Slide 30

Preferences

  • Under the Preferences button you may:

    • Change color, font, and tab spacing for the text editor and debug screen.

    • Set the COM port on which the stamp is connected to, or be in automatic detection mode.

    • Modify the DEBUGsettings.

    • You are encouraged tolook through the availablesettings to become familiarwith them.

Slide 31

Help Files

  • There exists a help file that is very thorough at assisting you with any problems or questions you might have about instruction syntax or use while programming.

  • By highlighting an instruction and pressing F1, the help files will open to display information on that instruction.

  • Help provides a description, syntax (format) and example for each instruction.

Slide 32

Instruction Syntax Convention

  • BASIC Stamp instructions follow a common code convention for parameters (parts) of instructions.

  • Take for example the FREQOUT instructions, which may be used to generate tones from a speaker:FREQOUTPin, Period, Freq1 {, Freq2}

    • The instruction requires that the Pin, Period, and Freq1 is supplied and that each are separated by commas.

    • Optionally, the user MAY provide Freq2 indicated by braces { }.

  • While PBASIC is NOT case-sensitive, the common convention is to capitalize instructions, and use 1st letter upper-case for all other code.

Slide 33

End of Section 3

Slide 34

Section 4: Input, Output, and Processing

  • Inputs, Processing, and Outputs

  • Stamp I/O

  • Debugging

    • DEBUG Instruction

    • DEBUG for Program Flow Information

    • Using DEBUG ? to Display Status

Slide 35

Inputs, Processing, and Outputs

  • Any system or program accepts input, process information, and controls outputs.

  • The BASIC Stamp, and other microcontrollers, specialize in using input devices such as switches, and controlling output devices such as LEDs (Light Emitting Diodes).

  • A program, written in a form of the BASIC language called PBASIC, is used for processing by writing code that instructs the BS2 what actions to take.

Input

Processing

Output

Slide 36

Stamp I/O

  • There are 16 I/O (Input/Output) pins on the BS2 labeled P0 to P15. These are the pins through which input and output devices may be connected.

  • Depending on the code that is written, each pin may act as an input to read a device, or as an output to control a device.

Slide 37

Debugging

  • Debugging refers to the act of finding errors in code and correcting them. There are 2 types of errors which can be made when coding: Syntax errors and Logical errors.

    • Syntax errors are those that occur when the editor/compiler does not understand the code written.An example would be: GO TO MainThe PBASIC tokenizer, which takes our code and puts it in a form the BS2 understands, does not have an instruction called GO TO (it has one called GOTO). This section of code would be flagged as having a syntax problem, which we identify and correct.

Slide 38

  • Logical errors are those which have a valid syntax, but fail to perform the action we desire.For example, our program runs, but it seems the LED is off an abnormally long time. Looking at the code we find the bug: PAUSE 50000 instead of PAUSE 5000.The PBASIC compiler was perfectly happy with a 50 second pause, but logically it was not what we wanted to happen.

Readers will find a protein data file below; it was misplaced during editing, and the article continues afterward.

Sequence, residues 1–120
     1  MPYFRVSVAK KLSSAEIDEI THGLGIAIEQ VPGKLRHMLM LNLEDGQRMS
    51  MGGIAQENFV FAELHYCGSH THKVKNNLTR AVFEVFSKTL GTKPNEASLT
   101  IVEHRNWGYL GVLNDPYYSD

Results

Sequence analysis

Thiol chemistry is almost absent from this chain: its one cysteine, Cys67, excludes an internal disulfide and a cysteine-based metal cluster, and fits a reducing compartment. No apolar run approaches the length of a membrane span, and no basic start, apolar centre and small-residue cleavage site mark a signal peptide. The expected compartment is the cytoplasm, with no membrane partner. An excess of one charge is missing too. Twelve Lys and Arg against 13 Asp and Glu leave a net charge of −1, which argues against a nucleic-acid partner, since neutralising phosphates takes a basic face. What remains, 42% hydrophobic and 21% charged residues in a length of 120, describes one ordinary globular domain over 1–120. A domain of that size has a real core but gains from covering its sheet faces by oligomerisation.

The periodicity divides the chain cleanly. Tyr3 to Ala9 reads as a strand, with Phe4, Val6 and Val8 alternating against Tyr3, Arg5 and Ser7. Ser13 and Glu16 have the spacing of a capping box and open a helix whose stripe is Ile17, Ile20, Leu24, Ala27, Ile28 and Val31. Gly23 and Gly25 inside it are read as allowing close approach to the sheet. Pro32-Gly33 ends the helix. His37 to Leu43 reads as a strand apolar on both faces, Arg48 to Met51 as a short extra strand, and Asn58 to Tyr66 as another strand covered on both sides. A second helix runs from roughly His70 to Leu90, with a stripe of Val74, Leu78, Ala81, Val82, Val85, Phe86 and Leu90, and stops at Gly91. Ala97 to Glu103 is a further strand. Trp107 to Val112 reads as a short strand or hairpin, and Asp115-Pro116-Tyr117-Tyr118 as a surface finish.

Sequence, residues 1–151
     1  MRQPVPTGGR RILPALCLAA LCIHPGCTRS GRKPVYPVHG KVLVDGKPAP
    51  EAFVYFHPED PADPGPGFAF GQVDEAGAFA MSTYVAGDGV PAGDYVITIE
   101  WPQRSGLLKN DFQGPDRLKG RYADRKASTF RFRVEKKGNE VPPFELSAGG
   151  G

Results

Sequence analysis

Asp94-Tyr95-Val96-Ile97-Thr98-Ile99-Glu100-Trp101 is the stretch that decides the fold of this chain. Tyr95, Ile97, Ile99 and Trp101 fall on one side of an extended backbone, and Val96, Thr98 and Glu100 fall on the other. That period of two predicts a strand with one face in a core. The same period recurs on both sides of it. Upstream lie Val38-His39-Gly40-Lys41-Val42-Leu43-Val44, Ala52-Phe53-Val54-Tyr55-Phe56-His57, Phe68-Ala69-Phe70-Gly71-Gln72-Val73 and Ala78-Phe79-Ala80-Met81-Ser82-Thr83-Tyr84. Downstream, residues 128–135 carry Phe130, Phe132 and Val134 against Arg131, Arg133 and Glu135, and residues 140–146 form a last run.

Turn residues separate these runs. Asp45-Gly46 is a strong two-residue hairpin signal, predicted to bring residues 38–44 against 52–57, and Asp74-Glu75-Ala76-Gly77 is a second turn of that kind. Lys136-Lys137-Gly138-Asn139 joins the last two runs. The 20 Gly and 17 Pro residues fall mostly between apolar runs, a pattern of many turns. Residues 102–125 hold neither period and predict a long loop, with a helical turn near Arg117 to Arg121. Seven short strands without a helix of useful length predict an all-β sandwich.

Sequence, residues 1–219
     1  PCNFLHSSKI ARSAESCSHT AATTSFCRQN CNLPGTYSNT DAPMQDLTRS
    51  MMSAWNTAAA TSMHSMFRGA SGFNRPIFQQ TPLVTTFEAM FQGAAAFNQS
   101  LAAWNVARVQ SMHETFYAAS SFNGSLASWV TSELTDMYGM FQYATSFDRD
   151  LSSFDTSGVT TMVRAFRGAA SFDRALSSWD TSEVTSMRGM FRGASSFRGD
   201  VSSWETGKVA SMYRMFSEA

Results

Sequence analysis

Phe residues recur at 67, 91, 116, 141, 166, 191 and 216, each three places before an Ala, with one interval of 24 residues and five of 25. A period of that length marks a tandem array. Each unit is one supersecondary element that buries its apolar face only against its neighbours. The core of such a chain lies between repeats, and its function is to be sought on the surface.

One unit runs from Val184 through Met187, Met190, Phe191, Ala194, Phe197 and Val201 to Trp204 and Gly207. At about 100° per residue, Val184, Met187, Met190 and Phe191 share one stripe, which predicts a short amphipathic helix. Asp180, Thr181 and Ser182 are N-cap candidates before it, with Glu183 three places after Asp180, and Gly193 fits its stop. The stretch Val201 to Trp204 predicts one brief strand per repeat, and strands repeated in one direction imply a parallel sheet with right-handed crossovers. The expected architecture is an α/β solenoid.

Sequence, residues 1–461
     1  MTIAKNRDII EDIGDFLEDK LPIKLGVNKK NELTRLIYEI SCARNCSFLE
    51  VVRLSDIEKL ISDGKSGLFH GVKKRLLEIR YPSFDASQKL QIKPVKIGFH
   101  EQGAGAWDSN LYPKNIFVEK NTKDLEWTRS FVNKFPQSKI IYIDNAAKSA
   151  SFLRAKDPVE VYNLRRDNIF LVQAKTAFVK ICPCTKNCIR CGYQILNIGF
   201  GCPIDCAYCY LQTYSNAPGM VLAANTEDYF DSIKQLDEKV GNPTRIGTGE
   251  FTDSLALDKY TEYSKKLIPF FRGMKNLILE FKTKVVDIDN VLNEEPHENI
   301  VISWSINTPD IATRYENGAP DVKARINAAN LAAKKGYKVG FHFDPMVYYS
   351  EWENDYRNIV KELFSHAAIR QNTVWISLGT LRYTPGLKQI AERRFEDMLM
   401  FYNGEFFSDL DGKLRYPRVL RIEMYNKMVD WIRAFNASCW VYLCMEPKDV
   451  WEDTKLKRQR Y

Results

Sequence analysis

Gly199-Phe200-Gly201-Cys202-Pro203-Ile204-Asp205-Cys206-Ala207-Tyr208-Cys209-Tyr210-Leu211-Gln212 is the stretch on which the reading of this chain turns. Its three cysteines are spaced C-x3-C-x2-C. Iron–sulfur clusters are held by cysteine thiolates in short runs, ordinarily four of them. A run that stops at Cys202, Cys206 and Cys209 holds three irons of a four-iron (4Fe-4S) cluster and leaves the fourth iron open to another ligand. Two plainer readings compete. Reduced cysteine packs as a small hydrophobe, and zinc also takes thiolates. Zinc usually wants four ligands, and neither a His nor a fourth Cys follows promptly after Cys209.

• Syntax errors are easily flagged when we try to run the program. Logical errors are more difficult because they require the programmer to analyze the code and what is occurring to determine the ‘bug’.

  • Slide 39

    DEBUG Instruction

    • The DEBUG instruction provides a valuable tool for the programmer.

    • It provides a means of real-time feedback in debugging to:

      • Observe program execution.

      • Observe program values.

    • It also allows the programmer to use a very sophisticated output device – A computer monitor.

    • When a DEBUG instruction used, the Stamp Editor’s DEBUG window will open and display the data.

    Slide 40

    • When we run, or download, a program to the BS2, the program is transferred serially from Stamp Editor though a serial COM port to the BASIC Stamp.

    • Using the same serial connection, the BS2 can transfer data back to the Stamp Editor to be displayed.

    • Throughout this tutorial we will use DEBUG for various indications and describe the syntax used.

    Slide 41

    DEBUG for Program Flow Information

    • Sometimes it is difficult to analyze a problem in the code because we have no indication where in the program the BS2 is currently at. A simple DEBUG in the code can provide feedback as to flow.

      • DEBUG “A description of code to be performed”,CRCR is short for carriage return to move the cursor to the next line.

    • DEBUG could be used to help identify the ‘bug’ where 50000 was typed instead of 5000.

    Slide 42

    Using DEBUG ? to Display Status

    • Another simple use of DEBUG is to indicate the status of an output or input.

      • DEBUG ? OUTpin

    • Say for example the P8 LED was not lighting. Is it a code problem (OUT8 not going low?) or an electronics problem (LED in backwards?).

      • Using DEBUG inkey spots, the status of P8 can be verified.

    Slide 43

    Digital Inputs

    • Just as P0 – P15 on the BASIC Stamp can act as outputs to control devices, they can act as inputs to read devices, such as switches.

    • By default, the BASIC Stamp I/O pins will act as inputs unless specifically set to be an output. In our code we specify the I/O as inputs out of good programming habits.

      • INPUT pin

      • INPUT 10

    Slide 44

    Classwork and Homework

    • During class, work on your check-off sheet.

    • For our next class, write a one page essay describing how the boe-bot works.

      • Remember to follow the formatting guidelines for our class on the Resources page.

      • Your essay should be organized with an introductory paragraph and a concluding paragraph.

      • You are free to use any of the reference materials found online, but cite your sources.